In modern terms, Johnny Hunt is an “influencer.”
Over the last 40 years, he has become someone with the ability to influence thousands of other pastors and even an entire denomination.
Perhaps that’s why his naming in the 2022 Guidepost Solutions report on sexual abuse in the Southern Baptist Convention sent shockwaves across the SBC. “Pastor Johnny,” as he likes to be called, is not just any pastor.
He is one of the most influential and affluent pastors in the SBC. Dozens if not hundreds of pastors owe their jobs to his recommendation. And he has built a vast empire of side businesses that support him and his family and friends through a web of connection with other pastors, churches and denominational agencies — all while marketing his brand.
But it wasn’t always this way. This is a rags-to-riches story, and a story of how to get rich by double- and triple-dipping in a denominational system that makes it possible.
By his own account, Hunt grew up in poverty and was raised in a family dependent upon welfare.
He was born in Lumberton, N.C., as a member of the Lumbee Native American tribe. His father abandoned the family when Hunt was 7. He recounts in his book Out of the Poolroom how he became an alcoholic and gambler at a young age and dropped out of school at age 16 to manage a pool room.
He frequently tells how a troubled young adult found Jesus, was radically transformed, experienced a call to ministry, graduated from Gardner-Webb University and then Southeastern Baptist Theological Seminary — all improbable accomplishments based on where he came from.
Like most young Southern Baptist pastors, he took on pastorates at small to mid-sized congregations — Lavonia Baptist Church in Mooresboro, N.C.; Falls Baptist Church in Wake Forest, N.C.; and Longleaf Baptist Church in Wilmington, N.C.
And then in 1986 he landed a pastorate at First Baptist Church of Woodstock, Ga. — a town of fewer than 5,000 people about 35 miles due north of downtown Atlanta. Once a rural town, Woodstock was destined to grow to more than 35,000 in population and become part of the far-flung metro Atlanta area.
Just as Hunt arrived in Woodstock, the population of the entire region began to boom. And another nearby Baptist church experienced a split.
Eastside Baptist Church in Marietta, Ga., was a traditional Southern Baptist congregation founded in 1961. Located in Cobb County, the church benefited from an influx of new residents.
By the late 1980s, Eastside took a path many other traditional churches were considering — pivoting to a “seeker sensitive” format modeled by Willow Creek Church in suburban Chicago and Saddleback Church in Southern California. This change in worship format and organization did not sit well with traditionalists in the church.
While Eastside is a thriving congregation today, the change in format created an exodus of core members at the time. Old-timers recall 100 people leaving Eastside on a single Sunday, including the chairman of deacons, to join First Baptist Woodstock.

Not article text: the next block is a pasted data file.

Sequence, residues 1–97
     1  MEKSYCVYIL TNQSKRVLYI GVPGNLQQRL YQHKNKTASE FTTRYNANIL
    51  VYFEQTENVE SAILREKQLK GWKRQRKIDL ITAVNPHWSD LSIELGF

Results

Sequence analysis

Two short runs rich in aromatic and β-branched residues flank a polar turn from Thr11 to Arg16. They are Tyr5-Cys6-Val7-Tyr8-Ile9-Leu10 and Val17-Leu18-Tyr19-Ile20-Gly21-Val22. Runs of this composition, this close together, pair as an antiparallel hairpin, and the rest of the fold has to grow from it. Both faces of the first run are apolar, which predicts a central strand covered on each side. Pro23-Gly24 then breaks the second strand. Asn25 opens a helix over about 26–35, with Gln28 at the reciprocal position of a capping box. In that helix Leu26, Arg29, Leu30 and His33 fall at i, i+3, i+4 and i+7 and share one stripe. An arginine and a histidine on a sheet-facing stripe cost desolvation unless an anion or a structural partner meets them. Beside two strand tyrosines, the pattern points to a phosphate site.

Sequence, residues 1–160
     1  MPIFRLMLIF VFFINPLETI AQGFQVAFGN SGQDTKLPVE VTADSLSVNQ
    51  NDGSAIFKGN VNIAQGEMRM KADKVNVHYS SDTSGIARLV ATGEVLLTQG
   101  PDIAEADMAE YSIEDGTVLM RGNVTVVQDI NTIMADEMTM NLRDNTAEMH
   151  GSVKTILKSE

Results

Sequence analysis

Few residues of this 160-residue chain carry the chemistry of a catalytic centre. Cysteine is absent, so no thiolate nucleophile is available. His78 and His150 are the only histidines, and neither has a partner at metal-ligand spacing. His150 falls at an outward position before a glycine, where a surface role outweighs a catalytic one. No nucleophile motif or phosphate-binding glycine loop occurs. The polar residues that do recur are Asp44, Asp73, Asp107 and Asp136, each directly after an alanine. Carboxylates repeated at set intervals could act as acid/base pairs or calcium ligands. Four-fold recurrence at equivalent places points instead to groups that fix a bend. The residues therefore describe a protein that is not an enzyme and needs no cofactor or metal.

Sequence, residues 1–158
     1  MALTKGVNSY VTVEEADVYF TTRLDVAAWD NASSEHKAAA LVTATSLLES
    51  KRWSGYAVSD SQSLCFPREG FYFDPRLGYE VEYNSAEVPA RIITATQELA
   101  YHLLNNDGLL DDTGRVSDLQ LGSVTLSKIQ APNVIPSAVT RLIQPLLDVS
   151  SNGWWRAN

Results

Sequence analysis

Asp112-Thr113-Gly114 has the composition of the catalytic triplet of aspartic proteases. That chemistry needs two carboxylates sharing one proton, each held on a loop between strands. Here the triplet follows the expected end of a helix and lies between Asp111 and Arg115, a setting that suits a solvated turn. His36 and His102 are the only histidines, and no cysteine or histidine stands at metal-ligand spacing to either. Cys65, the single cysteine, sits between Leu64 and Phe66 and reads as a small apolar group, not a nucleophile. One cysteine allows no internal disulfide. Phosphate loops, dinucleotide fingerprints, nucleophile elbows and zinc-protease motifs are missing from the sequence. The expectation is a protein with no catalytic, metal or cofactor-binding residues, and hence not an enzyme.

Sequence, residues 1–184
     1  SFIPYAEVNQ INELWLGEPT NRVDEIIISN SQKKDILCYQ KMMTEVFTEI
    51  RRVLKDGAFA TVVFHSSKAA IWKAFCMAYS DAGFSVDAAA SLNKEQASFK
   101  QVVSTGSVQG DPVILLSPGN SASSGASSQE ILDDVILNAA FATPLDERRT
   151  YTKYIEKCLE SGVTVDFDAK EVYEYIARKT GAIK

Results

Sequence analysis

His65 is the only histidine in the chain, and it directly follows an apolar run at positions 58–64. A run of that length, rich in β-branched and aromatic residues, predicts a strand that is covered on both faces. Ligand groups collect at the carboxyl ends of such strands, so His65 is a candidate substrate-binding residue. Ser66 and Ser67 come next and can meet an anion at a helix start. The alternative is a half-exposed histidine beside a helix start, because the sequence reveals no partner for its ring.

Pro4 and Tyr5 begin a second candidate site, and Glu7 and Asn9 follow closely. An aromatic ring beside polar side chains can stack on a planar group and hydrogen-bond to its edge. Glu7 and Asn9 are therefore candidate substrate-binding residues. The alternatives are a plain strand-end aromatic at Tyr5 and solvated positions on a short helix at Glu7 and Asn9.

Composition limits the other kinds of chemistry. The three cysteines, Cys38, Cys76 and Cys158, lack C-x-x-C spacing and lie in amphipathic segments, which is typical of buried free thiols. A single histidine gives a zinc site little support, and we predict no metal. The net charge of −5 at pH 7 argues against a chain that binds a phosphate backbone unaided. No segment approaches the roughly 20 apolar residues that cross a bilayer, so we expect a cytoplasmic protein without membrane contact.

Old-timers recall 100 people leaving Eastside on a single Sunday, including the chairman of deacons, to join First Baptist Woodstock.
Fueled by the rapid growth of the region and the decline of some other area churches, First Baptist Woodstock took off.
Hunt’s natural charisma also aided that growth. As the church grew, so did his reputation and influence in the denomination.
In 1996, Hunt was elected president of the SBC Pastor’s Conference. In 1997, Southeastern Seminary established the Johnny Hunt Chair of Biblical Preaching. In June 2008, Hunt was elected president of the SBC, a role he held for two years.
It was the summer after his presidential term ended — 2010 — when the alleged incident between Hunt and the wife of another pastor happened at a beach condo. The independent investigation by Guidepost Solutions regarding mishandled knowledge of sexual abuse in the SBC reported the woman’s account of that event in detail.
Hunt has acknowledged inappropriate behavior but denied all charges of abuse. He confessed this incident with another woman to a small group of church insiders soon after it happened, but members of the church and leaders of the SBC knew nothing about it until the Guidepost report was released in May 2022.
Meanwhile, under Hunt’s leadership, First Baptist Woodstock had grown from 1,000 members to 19,000 members, making it one of the largest churches in America.
Capitalizing on a network
As his fame grew among Southern Baptists and beyond, Hunt was one of the early pioneers of what used to be called a “tape ministry,” meaning physical recordings of his sermons circulated across the world every week in pre-internet times. He was aided in this enterprise by his relationship with Jerry Falwell and Liberty University, where both his daughters attended and where Hunt later served as a trustee.
He also began writing books and accepted numerous invitations to speak at other churches and at conferences.
This, in turn, put him in a position to mentor young pastors and help get them placed in churches. Conservatives in the SBC revered Hunt as an exemplary preacher and mentor.
He also became an astute businessman.
In 1981, a contemporary Christian music group named NewSong formed at Morningside Baptist Church in Valdosta, Ga. Later, the members of that group migrated to First Baptist Woodstock and one of Hunt’s daughters married a son of the group’s lead singer, Eddie Carswell.
Through these family ties and through the success of NewSong, Hunt became connected to another network of profit-making and ministry.
He is related to no fewer than 10 nonprofit and for-profit businesses.
Today, he is related to no fewer than 10 nonprofit and for-profit businesses, as attested by tax records, event publicity and other legal filings. All are intertwined with his family.
His wife, Janet, operates as the family bookkeeper for some of the businesses. The Hunts have two daughters, Holly and Deanna. Holly is married to Pete Hixson. She runs her own business called 3H Travel, while Pete is a speaker, consultant and special needs advocate. Holly manages most of Hunt’s travel. Deanna serves as treasurer of a Hunt-related nonprofit called It’s a New Day and is married to John Carswell, son of Eddie Carswell. John owns several businesses, including a motorsports company and several of the conferences that platform Johnny Hunt and Pete Hixson. The Hunts have five grandchildren some of whom are part of the family businesses.